Pushing Profit from Beers and Ales in your Pub or Bar
118 days ago..

Last updated: 2020-01-31 10:24:44

 

It’s been a tough decade for pubs and bars. As the country changes its habits and more and more people ease up on the sauce, boozers across the nation have been closing their doors for good, leaving many in low spirits.

But, while the years 2010 to 2018 did see a net loss of 5,855 pubs across the UK, things may be looking up. Last year saw a net gain: in 2019, there were 320 more pubs open in December than there had been in January.

The decade of hard times for the sellers of alcohol may be at an end – and this shift in the stats could signal that pubs and bars could still adapt to the nation’s change in habits.

There may still be a way to profit from your beers and ales in the modern age.

How? Let’s look more closely at a topical example.

Dry JanuaryGlass of water with lemon slices on red mat with yellow flowers

It has long been a common new year’s resolution to cut down on alcohol – ever since the first hungover reveller woke up on New Year’s Day to be faced with a pile, or pool, of regret.

But the Dry January campaign did not officially begin until 2013, when the first event organised by the charity Alcohol Concern persuaded 4,500 people to cut out the drink for the first month of the year. The next year, they had 17,000 participants and by 2018 the number was up to two million.

The campaign doesn’t just aim to get people to abstain for 31 days – it aims to persuade people to keep drinking juice through the rest of the year too, by showing them the benefits of passing on the pint: in 2019, Alcohol Concern reported that 88% of participants saved money, 71% slept better and 58% lost weight.

These stats go to show that the campaign is certainly good for health – and it can’t be blamed for trying to improve the lives of those who participate. Like the broader shift in habits which we have seen across the UK away from heavy drinking, Dry January is a good thing.

The problem, however, is where that leaves the good old pub and the snazzy new bar.

What Do Drinking Holes Do in Dry January?

If two million people who typically spend £25 a week on alcohol stop going to the pub altogether for a whole month, the sudden change in cash flow can be catastrophic for a small business. It can mean letting staff go in the short term and it can lead to permanent closure in the long term.

But trying to fight the trend isn’t going to end well. The customer is always right, and if so many believe that drinking more moderately offers them a ticket to a clean bill of health, pubs and bars don’t have much choice but to agree.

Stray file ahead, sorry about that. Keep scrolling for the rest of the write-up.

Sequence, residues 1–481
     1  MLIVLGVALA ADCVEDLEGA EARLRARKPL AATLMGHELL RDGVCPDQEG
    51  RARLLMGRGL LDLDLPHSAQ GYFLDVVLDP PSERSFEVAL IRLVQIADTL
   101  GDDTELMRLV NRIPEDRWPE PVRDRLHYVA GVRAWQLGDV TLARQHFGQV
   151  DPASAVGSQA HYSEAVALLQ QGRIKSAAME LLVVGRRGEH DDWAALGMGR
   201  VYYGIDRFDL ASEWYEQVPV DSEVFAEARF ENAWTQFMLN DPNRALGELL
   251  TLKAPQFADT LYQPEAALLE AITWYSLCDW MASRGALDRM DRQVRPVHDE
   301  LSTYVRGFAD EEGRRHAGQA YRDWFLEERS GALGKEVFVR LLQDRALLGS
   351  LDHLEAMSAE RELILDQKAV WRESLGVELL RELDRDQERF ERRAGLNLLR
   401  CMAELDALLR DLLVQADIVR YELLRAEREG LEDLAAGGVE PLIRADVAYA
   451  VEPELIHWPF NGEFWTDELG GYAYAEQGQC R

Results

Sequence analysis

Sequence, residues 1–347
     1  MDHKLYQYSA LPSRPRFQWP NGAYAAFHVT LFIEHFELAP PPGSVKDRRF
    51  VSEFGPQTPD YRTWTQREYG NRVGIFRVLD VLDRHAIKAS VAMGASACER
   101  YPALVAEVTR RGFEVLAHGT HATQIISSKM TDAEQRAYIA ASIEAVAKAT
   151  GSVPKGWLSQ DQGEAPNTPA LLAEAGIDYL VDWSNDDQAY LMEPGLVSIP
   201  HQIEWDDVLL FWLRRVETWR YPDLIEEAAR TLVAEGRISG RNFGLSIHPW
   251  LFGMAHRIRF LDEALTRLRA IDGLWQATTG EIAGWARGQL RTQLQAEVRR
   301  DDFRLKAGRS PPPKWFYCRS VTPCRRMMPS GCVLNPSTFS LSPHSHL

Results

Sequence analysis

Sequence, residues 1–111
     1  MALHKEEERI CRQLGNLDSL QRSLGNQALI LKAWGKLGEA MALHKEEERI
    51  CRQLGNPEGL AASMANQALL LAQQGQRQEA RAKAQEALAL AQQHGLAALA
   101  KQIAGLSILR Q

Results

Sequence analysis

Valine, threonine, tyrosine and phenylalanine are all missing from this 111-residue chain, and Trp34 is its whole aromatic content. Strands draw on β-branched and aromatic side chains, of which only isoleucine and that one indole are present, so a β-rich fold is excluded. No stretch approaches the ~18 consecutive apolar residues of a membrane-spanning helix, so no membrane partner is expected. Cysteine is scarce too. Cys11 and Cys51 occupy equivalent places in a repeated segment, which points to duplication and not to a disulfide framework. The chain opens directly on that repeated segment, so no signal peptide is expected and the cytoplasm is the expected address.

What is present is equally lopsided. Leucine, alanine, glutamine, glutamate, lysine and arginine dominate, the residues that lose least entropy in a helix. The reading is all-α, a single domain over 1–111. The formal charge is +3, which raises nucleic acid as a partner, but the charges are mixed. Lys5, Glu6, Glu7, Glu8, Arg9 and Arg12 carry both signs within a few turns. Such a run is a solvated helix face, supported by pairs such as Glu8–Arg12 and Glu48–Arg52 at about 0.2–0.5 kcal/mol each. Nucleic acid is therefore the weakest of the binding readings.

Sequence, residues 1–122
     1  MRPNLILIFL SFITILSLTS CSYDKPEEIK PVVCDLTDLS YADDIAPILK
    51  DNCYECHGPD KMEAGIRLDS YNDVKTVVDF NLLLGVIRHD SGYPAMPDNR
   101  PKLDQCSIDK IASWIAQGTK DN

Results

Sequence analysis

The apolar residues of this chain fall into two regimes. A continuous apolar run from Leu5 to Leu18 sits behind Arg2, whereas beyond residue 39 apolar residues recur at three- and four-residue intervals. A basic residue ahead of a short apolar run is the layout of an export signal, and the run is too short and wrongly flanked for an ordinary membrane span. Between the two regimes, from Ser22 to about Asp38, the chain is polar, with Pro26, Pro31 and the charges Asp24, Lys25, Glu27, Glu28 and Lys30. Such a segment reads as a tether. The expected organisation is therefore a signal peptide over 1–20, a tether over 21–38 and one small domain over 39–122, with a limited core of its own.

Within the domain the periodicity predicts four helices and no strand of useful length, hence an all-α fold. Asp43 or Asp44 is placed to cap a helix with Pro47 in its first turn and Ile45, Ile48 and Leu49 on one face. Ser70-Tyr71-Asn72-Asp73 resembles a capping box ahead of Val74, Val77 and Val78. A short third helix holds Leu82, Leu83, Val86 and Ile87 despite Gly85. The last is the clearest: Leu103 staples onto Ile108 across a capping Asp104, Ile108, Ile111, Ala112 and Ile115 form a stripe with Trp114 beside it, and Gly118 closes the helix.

Pubs and bars have got to adapt – and ensure that there is more to them than just the alcohol, to make abstainers feel as welcome as drinkers during the first month of the year, and beyond.

How have pubs and bars adapted?

Five wine glasses with brightly coloured liquidTry January

In response to Dry January, the bar chain Be At One began Try January in 2015, an initiative which encourages punters to treat themselves to a novelty – to broaden their tastes. In its first incarnation, for example, Be At One offered discounts on certain cocktails.

Since then, a similar spirit has spread through the industry with many pubs and bars seeking to expand their food and drink offerings to invite customers to try something out of their comfort zones, while providing individual drinking spots with USPs to draw the crowds.

We’ve seen healthier cocktails and non-alcoholic mocktails added to the menus of many bars along with a wider range of snacks. Meanwhile, pubs have expanded their food offerings and bought in new ranges of soft drinks – crafting themselves into family-friendly institutions.

Making your pub or bar less about the booze and more about the atmosphere, the food, and the non-alcoholic drinks is one way to respond to the health craze driving so many off the grape and the grain.

But, what happens if you want to stay focused on the beers and ales?

Tryanuary

Not to be confused with Try January, Tryanuary aims to encourage pubs and bars to expand their alcohol offering – to boost their sales of beers and ales by introducing greater variety.

Lots of types of beer and ale in plastic cups

That’s because variety is a sure way to drive up profits:  with a wider array of beers and ales, you’ll have your customers clambering over each other to try them all.

But variety also promises to introduce a sparkle of novelty to the typical pint, which is crucial in the current climate: with more people having fewer drinks at a time, anything you can do to make that drink feel extra special will make your customer more likely to return.

Out with the Carling, in with the craft ale.

Encouraging people to responsibly support their local by grabbing a carefully crafted pint or two from a local brewer – Tryanuary promises to reclaim January while working with the broader trend seen across the nation towards a healthier relationship with alcohol.

Which leaves the question open: how will you respond?

If you choose to Tryanuary, remember to:

Keep Your Kegs and Casks Cool

If you’re investing in a wider variety of beers and ales, there’ll be more kegs and casks to store and, with fewer drinkers about, they may be in storage for a little longer than usual.

So, to conquer the nationwide trend, and reclaim January next year, storage is key. You’ll need perfection in your cellar. You’ll need it kept at 12°C for your cask ale to be perfectly conditioned and for your kegs of draft to last for months. To find out how to get your cellar conditions just right with a cellar cooling system, as you introduce a spark of variety to your pub or bar, you’ll need to check out our cellar cooling buying guide.

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